Housing Starts Give Spring Home Buying Season Early Momentum
These days, is there really a spring home buying season? Especially when every month feels like buyers are knocking down every available door? Even, so, the New Residential Construction report from HUD and the Census Bureau portends what could be an even busier period for the housing market.
The report said privately owned housing starts in February rose to a seasonally adjusted annual rate of 1,769,000, 6.8 percent higher than the revised January estimate (1,657,000) and is 22.3 percent higher than a year ago. Single‐family housing starts rose to 1,215,000, 5.7 percent higher than the revised January figure of 1,150,000. The February rate for units in buildings with five units or more rose to 501,000, 0.8 percent higher than January (497,000) and 37.3 percent higher than a year ago.
Regionally, results were mixed. In the largest region, the South, housing starts rose by 11.4 percent in February to 1.017 million units, seasonally annually adjusted, from 913,000 units in January and improved by nearly 32 percent from a year earlier. In the Midwest, starts rose by 15.3 percent in February to 226,000 units from 196,000 units in January and improved by 66.2 percent from a year ago.
Starts also rose in the Northeast, rising by nearly 29 percent in February to 130,000 units, seasonally annually adjusted, from 101,000 units in January and improved by 19.3 percent from a year ago. Only the West saw a decline; starts there fell by 11.4 percent in February to 396,000 units from 447,000 units in January and fell by 8.1 percent from a year ago.
“The 1.77 million-unit pace is the strongest pace of new residential construction since the end of 2006,” said Mark Vitner, Senior Economist with Wells Fargo Economics, Charlotte, N.C. “The stepped-up pace of production was mostly broad-based, with single-family and multifamily starts rising by 5.7% and 9.3%, respectively.”
Vitner noted the construction industry continues to contend with supply-side challenges posed by pervasive shortages of building materials and labor, which has resulted in long delays and higher costs. However, “a solid increase in completions shows builders are finding ways to navigate around supply constraints.”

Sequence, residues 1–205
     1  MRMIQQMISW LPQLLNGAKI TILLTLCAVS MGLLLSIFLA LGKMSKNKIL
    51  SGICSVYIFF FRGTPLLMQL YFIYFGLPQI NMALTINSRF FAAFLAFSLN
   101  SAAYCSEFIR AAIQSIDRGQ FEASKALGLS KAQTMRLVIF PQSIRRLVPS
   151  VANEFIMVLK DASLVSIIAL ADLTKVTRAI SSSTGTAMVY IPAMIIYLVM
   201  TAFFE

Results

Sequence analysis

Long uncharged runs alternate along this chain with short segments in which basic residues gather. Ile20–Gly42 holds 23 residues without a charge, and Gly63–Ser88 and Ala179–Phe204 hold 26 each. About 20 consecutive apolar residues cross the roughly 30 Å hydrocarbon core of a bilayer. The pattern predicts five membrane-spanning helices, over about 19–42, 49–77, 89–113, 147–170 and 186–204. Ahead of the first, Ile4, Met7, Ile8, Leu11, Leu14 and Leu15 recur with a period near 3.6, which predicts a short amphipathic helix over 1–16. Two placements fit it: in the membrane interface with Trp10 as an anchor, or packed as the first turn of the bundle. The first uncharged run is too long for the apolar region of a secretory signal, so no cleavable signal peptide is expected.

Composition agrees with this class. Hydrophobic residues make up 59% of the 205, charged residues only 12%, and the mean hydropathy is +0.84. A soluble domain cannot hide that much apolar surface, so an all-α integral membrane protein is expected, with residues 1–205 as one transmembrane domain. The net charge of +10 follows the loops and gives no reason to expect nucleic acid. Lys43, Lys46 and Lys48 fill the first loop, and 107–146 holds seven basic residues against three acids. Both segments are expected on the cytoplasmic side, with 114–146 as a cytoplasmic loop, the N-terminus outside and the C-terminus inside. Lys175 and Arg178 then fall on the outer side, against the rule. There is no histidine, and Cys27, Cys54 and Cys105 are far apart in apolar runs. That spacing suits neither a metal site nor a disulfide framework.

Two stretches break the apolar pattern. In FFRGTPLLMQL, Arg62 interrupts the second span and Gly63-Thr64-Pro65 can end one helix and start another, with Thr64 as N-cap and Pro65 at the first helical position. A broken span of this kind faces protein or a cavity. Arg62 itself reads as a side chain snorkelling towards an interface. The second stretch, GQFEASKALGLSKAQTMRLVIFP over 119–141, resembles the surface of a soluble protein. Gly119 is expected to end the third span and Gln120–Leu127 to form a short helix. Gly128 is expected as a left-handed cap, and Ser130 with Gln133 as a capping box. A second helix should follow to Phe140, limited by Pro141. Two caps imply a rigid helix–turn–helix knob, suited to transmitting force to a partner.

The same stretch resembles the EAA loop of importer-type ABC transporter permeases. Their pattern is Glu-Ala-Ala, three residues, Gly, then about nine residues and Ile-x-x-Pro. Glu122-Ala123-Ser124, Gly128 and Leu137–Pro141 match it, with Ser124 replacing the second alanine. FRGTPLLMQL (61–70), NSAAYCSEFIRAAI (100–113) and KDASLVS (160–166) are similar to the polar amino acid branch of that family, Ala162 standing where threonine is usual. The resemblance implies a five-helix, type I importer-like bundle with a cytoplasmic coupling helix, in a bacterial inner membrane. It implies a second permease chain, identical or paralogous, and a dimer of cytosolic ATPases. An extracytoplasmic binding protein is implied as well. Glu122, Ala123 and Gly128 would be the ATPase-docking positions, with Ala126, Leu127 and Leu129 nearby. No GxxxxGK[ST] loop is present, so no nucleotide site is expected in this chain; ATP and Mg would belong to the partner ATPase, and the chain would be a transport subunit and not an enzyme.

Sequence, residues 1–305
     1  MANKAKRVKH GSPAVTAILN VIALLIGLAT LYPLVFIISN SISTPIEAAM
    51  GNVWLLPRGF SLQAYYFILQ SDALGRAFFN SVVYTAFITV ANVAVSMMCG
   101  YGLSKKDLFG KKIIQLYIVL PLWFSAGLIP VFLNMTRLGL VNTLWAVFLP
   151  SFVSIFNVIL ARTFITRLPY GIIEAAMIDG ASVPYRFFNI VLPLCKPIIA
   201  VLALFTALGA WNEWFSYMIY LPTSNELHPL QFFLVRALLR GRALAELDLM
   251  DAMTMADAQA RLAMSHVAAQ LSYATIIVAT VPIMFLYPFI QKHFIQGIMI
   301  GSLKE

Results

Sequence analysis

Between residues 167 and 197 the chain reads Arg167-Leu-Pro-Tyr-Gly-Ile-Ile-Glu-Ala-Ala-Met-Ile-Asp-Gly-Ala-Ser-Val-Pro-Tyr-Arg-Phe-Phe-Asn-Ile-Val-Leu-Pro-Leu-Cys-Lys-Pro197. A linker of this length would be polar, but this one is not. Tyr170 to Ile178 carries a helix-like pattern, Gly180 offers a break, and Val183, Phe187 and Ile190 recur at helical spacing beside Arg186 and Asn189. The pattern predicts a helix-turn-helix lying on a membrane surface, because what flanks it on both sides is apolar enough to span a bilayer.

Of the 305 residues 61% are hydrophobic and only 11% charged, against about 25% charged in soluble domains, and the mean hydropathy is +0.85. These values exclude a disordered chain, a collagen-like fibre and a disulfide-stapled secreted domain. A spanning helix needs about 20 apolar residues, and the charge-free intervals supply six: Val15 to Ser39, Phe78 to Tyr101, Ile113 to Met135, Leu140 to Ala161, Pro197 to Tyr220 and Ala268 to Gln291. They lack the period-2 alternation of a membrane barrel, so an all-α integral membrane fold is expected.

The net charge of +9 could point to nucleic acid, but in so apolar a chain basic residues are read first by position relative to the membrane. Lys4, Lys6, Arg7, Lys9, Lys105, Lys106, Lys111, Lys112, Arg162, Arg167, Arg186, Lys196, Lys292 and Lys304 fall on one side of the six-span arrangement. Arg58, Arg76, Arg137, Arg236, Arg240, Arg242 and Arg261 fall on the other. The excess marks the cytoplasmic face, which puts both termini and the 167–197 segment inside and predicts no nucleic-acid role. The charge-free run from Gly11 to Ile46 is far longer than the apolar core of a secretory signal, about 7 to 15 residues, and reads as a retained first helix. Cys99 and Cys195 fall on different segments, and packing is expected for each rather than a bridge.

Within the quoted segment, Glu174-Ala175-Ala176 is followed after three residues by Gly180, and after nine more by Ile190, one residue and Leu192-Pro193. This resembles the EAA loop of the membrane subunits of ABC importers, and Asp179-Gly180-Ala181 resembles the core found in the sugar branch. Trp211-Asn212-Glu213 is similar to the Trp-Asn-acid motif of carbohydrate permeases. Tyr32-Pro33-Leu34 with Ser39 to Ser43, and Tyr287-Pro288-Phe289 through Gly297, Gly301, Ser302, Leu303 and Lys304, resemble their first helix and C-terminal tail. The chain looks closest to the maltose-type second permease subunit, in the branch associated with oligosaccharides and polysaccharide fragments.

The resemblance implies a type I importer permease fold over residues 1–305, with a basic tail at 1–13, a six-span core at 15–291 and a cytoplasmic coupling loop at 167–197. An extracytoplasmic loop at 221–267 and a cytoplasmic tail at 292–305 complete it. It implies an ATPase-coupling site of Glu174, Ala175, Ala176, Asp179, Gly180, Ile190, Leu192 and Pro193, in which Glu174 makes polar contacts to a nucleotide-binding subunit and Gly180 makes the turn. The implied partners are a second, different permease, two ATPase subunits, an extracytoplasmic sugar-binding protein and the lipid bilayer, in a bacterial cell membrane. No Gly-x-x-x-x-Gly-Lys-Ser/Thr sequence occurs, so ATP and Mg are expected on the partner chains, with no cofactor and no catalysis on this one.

“Given that homebuilders have continued to struggle to work through their order backlogs in light of materials and labor scarcity issues, there’s still strong near-term support for new housing construction,” said Doug Duncan, Chief Economist with Fannie Mae, Washington, D.C. “Meanwhile, multifamily starts continued to impress as they rose above our expectations. This is more evidence of the ongoing interest in multifamily housing development due to strong rent gains and low vacancy rates.”
Odeta Kushi, Deputy Chief Economist with First American Financial Corp., Santa Ana, Calif., said the strong housing starts report was a “welcome sign for housing supply” a spring home-buying season kicks off.
“More groundbreaking is welcome news for a supply starved housing market,” Kushi said. “It’s great to see both housing starts and completions up. Permits, a leading indicator of future starts, is down modestly month over month as builders grow concerned about affordability challenges ahead as rates continue to rise. But record low existing-home inventory and millennial demand is supportive of new construction. Of course, builders face persistent headwinds that make it difficult to bring more new homes to the market.”
Kushi noted while builders are continuing to push to meet demand, “supply-side headwinds slow the home-building momentum at a time when the housing market desperately needs more supply relief.”
The report said privately owned housing units authorized by building permits in February fell to a seasonally adjusted annual rate of 1,859,000, 1.9 percent below the revised January rate of 1,895,000, but 7.7 percent above the February 2021 rate of 1,726,000. Single‐family authorizations in February were at a rate of 1,207,000; 0.5 percent below the revised January figure of 1,213,000. Authorizations of units in buildings with five units or more fell to 597,000 in February, 4.5 percent lower than January (625,000) but 12 percent higher than a year ago.
The report said privately owned housing completions in February rose to a seasonally adjusted annual rate of 1,309,000, 5.9 percent higher than the revised January estimate of 1,236,000, but 2.8 percent lower than a year ago (1,347,000). Single‐family housing completions in February rose to 1,034,000, 12.1 percent higher than the revised January rate of 922,000. The February rate for units in buildings with five units or more fell to 266,000, down by 11.3 percent from January (300,000 units) and down by nearly 17 percent from a year ago.